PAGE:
"It's spooky how racist everyone is up here and how biased toward blacks the courts are. This jail is full of blacks and they all act like thugs," he notes. He goes on to say "This may sound a bit radical but if more people would arm themselves and kill these **** idiots when they're threatening you, eventually they may take the hint and change their behavior."


First Coast News also reported the Dunn wrote a coded message in a letter to his fiancee that the news site believes reads, "Three things that are certain in this life: Death, taxes and that the press will get it wrong."

Also on Thursday, Dunn's lawyer, Cory Strolla, spoke with reporters for a full 20 minutes, answering a litany of questions. Strolla said that he believed it was unfair that the prosecution got four attorneys while the defendant was allowed only one. He also said that Dunn was holding up about as best as could be expected and that the George Zimmerman case has created more of an "investment in this case politically." "Had we never heard about George Zimmerman, I don't think you or I would be standing here talking about Mr. Dunn," Stolla said.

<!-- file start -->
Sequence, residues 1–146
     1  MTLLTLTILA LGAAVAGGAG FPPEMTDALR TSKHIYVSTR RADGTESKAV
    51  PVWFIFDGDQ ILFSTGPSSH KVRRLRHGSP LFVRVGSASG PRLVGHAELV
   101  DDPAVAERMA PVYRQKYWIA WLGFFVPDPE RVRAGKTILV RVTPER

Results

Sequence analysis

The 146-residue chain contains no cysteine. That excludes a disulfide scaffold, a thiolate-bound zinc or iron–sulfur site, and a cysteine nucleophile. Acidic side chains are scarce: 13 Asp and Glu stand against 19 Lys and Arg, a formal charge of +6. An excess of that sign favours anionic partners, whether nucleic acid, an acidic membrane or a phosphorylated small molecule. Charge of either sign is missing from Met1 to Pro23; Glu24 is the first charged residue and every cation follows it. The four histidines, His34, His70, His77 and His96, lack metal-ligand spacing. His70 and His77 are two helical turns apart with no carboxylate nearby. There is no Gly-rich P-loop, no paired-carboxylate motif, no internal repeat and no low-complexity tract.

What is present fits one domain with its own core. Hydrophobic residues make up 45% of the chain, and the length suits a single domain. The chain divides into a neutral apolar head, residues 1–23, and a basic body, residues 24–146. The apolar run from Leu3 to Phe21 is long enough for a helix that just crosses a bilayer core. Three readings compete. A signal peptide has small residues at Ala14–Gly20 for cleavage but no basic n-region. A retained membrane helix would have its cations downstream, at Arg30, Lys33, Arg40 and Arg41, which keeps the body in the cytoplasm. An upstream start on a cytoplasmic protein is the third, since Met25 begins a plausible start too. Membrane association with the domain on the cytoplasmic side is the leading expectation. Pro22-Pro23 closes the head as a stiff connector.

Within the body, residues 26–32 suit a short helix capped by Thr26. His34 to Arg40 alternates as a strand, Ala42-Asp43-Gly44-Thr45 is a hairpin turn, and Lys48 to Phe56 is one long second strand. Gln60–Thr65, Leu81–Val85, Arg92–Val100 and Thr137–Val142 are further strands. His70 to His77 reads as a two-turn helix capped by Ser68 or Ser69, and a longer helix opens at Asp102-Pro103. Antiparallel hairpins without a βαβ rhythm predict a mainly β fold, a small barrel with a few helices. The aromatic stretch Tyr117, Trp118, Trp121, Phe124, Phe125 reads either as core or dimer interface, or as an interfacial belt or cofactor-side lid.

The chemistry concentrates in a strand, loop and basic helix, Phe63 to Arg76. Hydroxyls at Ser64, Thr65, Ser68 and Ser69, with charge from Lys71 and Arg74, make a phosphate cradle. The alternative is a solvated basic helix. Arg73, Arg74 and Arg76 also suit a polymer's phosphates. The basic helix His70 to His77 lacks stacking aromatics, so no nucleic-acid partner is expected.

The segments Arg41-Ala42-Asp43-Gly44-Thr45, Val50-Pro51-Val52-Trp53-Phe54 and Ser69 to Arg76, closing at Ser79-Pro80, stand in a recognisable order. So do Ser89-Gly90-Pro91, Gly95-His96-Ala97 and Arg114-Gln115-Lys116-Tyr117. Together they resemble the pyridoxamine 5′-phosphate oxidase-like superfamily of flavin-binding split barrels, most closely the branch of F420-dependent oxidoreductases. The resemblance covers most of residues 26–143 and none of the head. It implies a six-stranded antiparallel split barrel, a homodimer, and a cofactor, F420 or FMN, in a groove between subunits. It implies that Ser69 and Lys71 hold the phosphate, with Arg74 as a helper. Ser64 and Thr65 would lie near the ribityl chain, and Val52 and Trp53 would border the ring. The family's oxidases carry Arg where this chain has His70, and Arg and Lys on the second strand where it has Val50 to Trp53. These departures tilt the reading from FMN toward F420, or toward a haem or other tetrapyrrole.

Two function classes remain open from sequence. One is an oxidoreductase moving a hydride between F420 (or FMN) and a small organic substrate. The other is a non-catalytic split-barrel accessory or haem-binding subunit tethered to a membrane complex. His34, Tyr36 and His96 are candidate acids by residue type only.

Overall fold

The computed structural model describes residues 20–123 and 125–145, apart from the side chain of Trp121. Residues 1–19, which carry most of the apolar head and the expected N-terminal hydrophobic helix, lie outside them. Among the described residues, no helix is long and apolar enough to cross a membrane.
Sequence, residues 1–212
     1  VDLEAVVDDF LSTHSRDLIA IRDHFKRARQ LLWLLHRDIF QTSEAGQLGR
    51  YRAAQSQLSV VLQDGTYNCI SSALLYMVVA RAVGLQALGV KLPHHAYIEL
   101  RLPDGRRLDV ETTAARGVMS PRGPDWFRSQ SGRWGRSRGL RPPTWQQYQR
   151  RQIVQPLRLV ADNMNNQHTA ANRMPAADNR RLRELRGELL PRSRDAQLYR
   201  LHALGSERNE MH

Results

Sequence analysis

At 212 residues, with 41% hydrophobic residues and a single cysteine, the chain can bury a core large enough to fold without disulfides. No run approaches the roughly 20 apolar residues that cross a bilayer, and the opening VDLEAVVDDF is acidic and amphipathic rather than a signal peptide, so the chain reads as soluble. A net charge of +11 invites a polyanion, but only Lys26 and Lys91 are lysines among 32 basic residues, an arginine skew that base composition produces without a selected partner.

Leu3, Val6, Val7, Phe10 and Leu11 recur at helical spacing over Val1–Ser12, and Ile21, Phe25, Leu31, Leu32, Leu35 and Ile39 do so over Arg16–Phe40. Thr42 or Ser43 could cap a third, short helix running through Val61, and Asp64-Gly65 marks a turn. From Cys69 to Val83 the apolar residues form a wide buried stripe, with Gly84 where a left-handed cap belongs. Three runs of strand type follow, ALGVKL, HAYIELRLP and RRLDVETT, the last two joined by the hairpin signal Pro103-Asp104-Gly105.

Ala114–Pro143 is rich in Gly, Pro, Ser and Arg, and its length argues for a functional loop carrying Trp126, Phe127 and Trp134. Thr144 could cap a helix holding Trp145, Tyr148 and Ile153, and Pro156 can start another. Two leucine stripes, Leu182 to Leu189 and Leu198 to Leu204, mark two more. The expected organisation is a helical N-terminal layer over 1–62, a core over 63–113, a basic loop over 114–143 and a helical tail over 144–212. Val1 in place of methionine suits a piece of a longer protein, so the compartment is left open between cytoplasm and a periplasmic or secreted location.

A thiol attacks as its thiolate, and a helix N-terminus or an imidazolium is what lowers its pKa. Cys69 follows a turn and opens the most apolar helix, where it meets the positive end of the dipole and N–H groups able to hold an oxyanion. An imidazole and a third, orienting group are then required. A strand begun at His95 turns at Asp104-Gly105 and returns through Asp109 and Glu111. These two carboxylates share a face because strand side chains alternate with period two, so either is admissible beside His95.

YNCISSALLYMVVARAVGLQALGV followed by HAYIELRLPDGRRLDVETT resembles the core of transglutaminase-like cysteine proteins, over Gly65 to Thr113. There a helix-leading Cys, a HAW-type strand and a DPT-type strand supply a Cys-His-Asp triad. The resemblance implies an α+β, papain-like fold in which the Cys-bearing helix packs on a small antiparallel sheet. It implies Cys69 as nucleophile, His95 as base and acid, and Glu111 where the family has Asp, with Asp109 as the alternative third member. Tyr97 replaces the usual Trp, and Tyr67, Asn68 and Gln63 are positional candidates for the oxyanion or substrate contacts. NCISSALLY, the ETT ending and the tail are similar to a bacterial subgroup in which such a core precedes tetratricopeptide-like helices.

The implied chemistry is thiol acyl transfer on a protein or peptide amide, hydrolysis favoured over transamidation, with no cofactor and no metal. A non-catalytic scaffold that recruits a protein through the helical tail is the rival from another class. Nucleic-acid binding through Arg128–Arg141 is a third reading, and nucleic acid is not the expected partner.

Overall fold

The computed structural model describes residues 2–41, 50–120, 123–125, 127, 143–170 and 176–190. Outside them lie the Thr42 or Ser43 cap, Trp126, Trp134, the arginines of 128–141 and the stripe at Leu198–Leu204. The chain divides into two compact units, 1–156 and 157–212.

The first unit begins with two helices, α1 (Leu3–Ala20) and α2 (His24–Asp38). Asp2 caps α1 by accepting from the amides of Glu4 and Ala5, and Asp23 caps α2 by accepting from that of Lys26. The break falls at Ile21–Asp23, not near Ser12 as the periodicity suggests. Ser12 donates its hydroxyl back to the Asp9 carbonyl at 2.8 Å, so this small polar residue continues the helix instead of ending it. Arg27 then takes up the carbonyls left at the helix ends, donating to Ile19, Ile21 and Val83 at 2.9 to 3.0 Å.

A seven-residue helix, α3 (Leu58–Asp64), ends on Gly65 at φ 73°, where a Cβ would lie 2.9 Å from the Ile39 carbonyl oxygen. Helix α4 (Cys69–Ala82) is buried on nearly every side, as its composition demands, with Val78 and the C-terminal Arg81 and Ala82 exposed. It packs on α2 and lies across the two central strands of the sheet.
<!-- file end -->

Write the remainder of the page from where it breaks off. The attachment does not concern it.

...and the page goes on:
He also stated that this was not a "black-and-white issue" but, rather, "a subculture thug issue. And again, it doesn't go to race. It goes to how people behave and respond to situations," USA Today reports.


There are some who believe that State Attorney Angela Corey, who also prosecuted the Zimmerman case, may have overcharged Dunn with first-degree murder. In order for the jury to come back with a guilty verdict, which would carry a life sentence, the prosecution would have to prove that Dunn's shooting of Davis was premeditated. Although there is no time-limit requirement in establishing premeditation in Florida, if jurors don't believe that the shooting was premeditated, they can still consider second-degree murder and manslaughter as options for a conviction.

"Jury still deliberating," The Root contributor Tonyaa Weathersbee reports from Jacksonville. She also says that the judge had observers removed from the courtroom because of "thin walls." Check back with The Root throughout the day for up-to-the-minute information.

Read more of The Root’s coverage of the case in “How Keeping Our Sons Safe Makes It OK for Whites to Be Racists.”